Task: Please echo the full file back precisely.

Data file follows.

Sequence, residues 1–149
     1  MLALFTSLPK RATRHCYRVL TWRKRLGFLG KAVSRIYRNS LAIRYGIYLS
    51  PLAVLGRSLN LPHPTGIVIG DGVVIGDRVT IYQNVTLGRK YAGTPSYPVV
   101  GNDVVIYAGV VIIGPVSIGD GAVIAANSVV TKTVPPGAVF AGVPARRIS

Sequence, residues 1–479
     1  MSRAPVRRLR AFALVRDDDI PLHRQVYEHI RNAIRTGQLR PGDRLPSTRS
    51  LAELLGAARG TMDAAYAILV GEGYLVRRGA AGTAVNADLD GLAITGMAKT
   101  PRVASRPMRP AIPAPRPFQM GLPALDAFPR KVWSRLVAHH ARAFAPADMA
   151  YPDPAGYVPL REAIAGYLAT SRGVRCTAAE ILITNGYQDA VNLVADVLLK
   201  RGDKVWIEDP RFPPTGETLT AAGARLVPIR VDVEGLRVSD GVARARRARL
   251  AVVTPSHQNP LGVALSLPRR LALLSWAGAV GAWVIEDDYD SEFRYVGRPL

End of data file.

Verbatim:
Sequence, residues 1–149
     1  MLALFTSLPK RATRHCYRVL TWRKRLGFLG KAVSRIYRNS LAIRYGIYLS
    51  PLAVLGRSLN LPHPTGIVIG DGVVIGDRVT IYQNVTLGRK YAGTPSYPVV
   101  GNDVVIYAGV VIIGPVSIGD GAVIAANSVV TKTVPPGAVF AGVPARRIS

Sequence, residues 1–479
     1  MSRAPVRRLR AFALVRDDDI PLHRQVYEHI RNAIRTGQLR PGDRLPSTRS
    51  LAELLGAARG TMDAAYAILV GEGYLVRRGA AGTAVNADLD GLAITGMAKT
   101  PRVASRPMRP AIPAPRPFQM GLPALDAFPR KVWSRLVAHH ARAFAPADMA
   151  YPDPAGYVPL REAIAGYLAT SRGVRCTAAE ILITNGYQDA VNLVADVLLK
   201  RGDKVWIEDP RFPPTGETLT AAGARLVPIR VDVEGLRVSD GVARARRARL
   251  AVVTPSHQNP LGVALSLPRR LALLSWAGAV GAWVIEDDYD SEFRYVGRPL